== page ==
I’ve been published in Junkee today, talking about what the recent incident with Lawrence Mooney says about sexism in Australian comedy.
For men in comedy it’s an uncomfortable truth that even those who don’t sexually harass or intimidate women are complicit in a system that privileges them and their work. For men prepared to see this privilege, it is now incumbent upon them to be allies to the women in their industry and in audiences.
I have spent many years promoting, producing, publishing and reviewing comedy. I absoloutely love the artform at its best and loathe the reality of our local industry. Too many cis-straight-white dudes dominating and making it hard for others to learn the craft and find audiences. One of the things I only really came to grips with after I moved away from the bulk of my comedy work was the sexism and misogyny.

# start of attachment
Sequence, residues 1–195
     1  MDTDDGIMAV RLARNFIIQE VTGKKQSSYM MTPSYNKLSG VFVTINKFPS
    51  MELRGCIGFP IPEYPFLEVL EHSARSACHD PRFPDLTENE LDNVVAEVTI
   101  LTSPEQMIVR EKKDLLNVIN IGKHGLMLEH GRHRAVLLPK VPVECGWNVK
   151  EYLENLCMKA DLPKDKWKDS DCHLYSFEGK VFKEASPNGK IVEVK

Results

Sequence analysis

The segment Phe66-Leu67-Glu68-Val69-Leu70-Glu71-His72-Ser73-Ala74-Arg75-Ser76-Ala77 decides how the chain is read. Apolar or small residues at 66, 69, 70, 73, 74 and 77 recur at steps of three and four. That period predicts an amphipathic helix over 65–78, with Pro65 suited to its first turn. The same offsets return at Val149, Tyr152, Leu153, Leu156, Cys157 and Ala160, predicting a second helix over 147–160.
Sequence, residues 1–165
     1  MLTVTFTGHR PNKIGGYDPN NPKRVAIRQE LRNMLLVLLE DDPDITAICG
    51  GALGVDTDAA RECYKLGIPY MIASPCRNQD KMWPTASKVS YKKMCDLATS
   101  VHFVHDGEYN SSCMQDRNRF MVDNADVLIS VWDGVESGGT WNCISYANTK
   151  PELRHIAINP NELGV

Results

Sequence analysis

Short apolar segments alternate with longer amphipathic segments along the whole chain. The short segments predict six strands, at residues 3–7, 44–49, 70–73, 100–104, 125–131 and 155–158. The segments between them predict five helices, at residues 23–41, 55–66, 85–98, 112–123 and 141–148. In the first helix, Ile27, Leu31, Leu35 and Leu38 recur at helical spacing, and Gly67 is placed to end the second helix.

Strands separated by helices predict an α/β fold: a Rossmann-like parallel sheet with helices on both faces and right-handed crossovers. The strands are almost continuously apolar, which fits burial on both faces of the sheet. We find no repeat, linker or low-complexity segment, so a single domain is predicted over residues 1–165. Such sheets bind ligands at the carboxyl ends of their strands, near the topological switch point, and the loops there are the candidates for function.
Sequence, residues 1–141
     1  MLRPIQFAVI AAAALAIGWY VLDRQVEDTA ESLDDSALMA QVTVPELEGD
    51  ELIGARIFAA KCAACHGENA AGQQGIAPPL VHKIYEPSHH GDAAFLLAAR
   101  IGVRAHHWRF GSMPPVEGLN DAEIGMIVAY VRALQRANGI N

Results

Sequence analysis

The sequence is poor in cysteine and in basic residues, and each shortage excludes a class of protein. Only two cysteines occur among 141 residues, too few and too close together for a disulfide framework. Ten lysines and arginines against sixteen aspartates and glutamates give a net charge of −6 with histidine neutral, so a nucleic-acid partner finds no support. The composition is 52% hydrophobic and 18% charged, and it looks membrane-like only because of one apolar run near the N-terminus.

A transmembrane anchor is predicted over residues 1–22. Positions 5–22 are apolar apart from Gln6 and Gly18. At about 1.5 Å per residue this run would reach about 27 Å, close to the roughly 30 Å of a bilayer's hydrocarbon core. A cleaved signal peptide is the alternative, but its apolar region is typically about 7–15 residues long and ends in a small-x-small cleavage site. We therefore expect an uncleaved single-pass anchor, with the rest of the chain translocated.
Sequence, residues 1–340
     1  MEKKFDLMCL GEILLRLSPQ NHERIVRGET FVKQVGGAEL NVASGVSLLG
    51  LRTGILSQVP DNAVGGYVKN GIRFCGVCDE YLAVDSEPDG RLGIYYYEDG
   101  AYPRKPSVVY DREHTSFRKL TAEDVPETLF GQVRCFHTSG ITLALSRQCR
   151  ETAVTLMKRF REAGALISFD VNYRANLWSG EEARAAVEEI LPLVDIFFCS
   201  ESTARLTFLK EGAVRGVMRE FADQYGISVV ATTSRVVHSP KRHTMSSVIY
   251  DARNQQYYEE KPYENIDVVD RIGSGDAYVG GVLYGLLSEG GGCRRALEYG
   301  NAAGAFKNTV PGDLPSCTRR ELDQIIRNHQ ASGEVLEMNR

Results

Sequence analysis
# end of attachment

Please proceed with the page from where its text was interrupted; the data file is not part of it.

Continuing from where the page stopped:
For women in the industry it is incredibly difficult to speak up about this because the punishment for doing so is harsh and real: you’re ostracised and your access to work is restricted. It’s not a deliberate campaign against you, it’s just that criticising those in power means they retract any support they may have offered.
I hope this resonates for other women who are (or have been) in the local comedy community, and above all I hope this makes a few of the men in the industry think about their complicity in the system.